MILWAUKEE – Two new clinical trials will begin this week testing plasma from patients who have recovered from COVID-19 on people who have been exposed to the virus, or are in the early stages of the disease.
Doctors at Johns Hopkins University in Baltimore are leading the trials, which will take place there and at 15 other sites across the country.
Already more than 16,000 Americans with COVID-19 have been infused with plasma from recovered patients under the U.S. government's expanded use program, and early reports have found no major safety issues.
A very small preliminary study released late last week found that the death rate of those infused with survivor plasma was about half that of similar patients who did not receive the plasma.
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Separate tests of the antiviral drug remdesivir have shown that it shortens the hospital stays of COVID-19 patients.
To date, doctors have no vaccine or universally accepted treatment to fight COVID-19, which has killed 350,000 people worldwide and nearly 100,000 in the U.S.
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Survivor plasma, remdesivir tackle virus in different ways
Plasma from survivors gives patients an immediate injection of virus-fighting antibodies, so that they don't have to wait for their own immune systems to kick in. The use of plasma from survivors to treat those sick with the same illness goes back more than a century and has been used to stem outbreaks of poliomyelitis, measles, mumps and influenza.
Remdesivir kills the virus by stopping it from making copies of itself.
Though very different treatments, plasma and remdesivir may prove useful in combination.
"I don't think they will conflict with one another," Arturo Casadevall, chairman of molecular microbiology and immunology at Johns Hopkins Bloomberg School of Public Health.
Last week's small plasma study occurred at only one site, The Mount Sinai Hospital in New York. Multi-site studies are considered more reliable. And although last week's study matched each COVID-19 patient who received plasma with similar patients who did not, it was not a randomized controlled trial, considered the gold standard for scientific comparison.
The two new studies, however, will be Phase 2 randomized controlled clinical trials. Patients will be chosen at random to either receive survivor plasma, or ordinary plasma donated earlier in 2019 before the virus was detected.
Phase 1 clinical trials test the safety of a new drug or treatment; Phase 2 trials measure their effectiveness in combating a specific disease.
The new studies underway this week will test plasma on two groups.
The first group includes health care workers who have either had prolonged exposure to a COVID-19 patient while not wearing a mask, or have had exposure without a mask to a patient receiving CPR or insertion of a breathing tube, procedures that generate aerosolized virus. This first trial will involve 150 patients — 75 treated with survivor plasma, 75 with ordinary plasma.
The second group consists of 300 patients, all of whom have tested positive or showed symptoms of the disease within the last 10 days.
"I'm trying to avert hospitalizations and deaths. That's really going to be what brings America back to functioning," said David Sullivan, an infectious disease doctor at the Johns Hopkins Hospital who is leading the 300-patient trial and also working on the 150-patient trial.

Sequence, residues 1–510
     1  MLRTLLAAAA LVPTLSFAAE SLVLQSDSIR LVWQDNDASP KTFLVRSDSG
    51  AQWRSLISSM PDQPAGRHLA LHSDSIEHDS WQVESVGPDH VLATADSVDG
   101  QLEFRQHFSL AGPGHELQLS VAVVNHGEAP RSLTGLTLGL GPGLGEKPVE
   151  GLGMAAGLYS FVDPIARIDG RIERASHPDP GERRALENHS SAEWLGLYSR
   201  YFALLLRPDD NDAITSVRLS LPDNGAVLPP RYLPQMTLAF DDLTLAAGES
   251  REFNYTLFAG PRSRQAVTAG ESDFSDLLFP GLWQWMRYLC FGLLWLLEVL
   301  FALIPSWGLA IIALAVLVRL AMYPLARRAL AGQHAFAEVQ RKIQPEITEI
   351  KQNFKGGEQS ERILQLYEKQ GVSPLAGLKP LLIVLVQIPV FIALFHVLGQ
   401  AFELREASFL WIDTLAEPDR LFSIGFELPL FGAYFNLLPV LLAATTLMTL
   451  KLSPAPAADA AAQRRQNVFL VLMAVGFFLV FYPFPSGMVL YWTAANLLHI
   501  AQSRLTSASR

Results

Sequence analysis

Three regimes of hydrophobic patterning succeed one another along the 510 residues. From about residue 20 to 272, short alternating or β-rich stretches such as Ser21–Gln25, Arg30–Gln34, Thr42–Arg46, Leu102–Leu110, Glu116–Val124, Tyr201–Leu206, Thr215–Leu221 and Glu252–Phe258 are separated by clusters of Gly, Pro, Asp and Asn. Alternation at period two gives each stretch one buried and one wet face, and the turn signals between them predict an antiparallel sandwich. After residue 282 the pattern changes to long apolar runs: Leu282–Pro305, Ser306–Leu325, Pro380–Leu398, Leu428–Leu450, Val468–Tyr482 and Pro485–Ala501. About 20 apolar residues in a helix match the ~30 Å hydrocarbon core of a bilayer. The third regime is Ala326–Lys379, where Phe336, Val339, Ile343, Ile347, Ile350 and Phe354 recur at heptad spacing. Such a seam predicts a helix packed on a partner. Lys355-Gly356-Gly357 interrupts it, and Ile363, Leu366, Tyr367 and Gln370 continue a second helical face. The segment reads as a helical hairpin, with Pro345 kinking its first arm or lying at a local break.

He said it will be easier for people to return to work if they can be confident that there is much less risk of hospitalization, should they catch the virus.
He suggested, too, that if plasma proves successful in these circumstances, members of the military, the White House, meat packers and other essential workers could receive a plasma infusion once every two months for protection.
Both of the new clinical trials will use survivor plasma known to have high antibody levels, something that is not always true at the hospitals that have been using plasma. About 30% of the people who recover from COVID-19 do not have high enough antibody levels to make their plasma suitable for treating a patient who is still sick.Typically hospitals do not measure the antibody levels.
Both studies will check in on the patients on Days 1, 7, 14, 28 and 90.
What happens if the plasma works as a treatment?
Testing patients early in the disease could prove vital if doctors have to deal with outbreaks at nursing homes or aboard Navy ships.
"If the plasma works, we could come into a nursing home where they've had one person test positive and have a swarm approach," said Shmuel Shoham, an infectious disease expert at Johns Hopkins Medicine who is collaborating with Sullivan on both trials.
"The idea is let's create a ring of protection around that person that will last."
Sullivan said if there's an outbreak on a ship, doctors could give everyone around the initial patients plasma and avoid the risks involved in bringing into port a ship full infected sailors.
Both doctors are optimistic that enough Americans who have survived COVID-19 and have suitable antibody levels in their plasma will agree to donate.
"Mark our words," Sullivan said, "Americans will donate high antibody plasma to protect other Americans and to protect our military readiness."
Plasma can be frozen and used for up to a year. Sullivan said that if the trials prove successful, the nation should build up a stockpile of high antibody plasma to prepare for future outbreaks.
Other sites involved in the two plasma clinical trials include University of California, Los Angeles, University of Alabama and the Navajo Nation.
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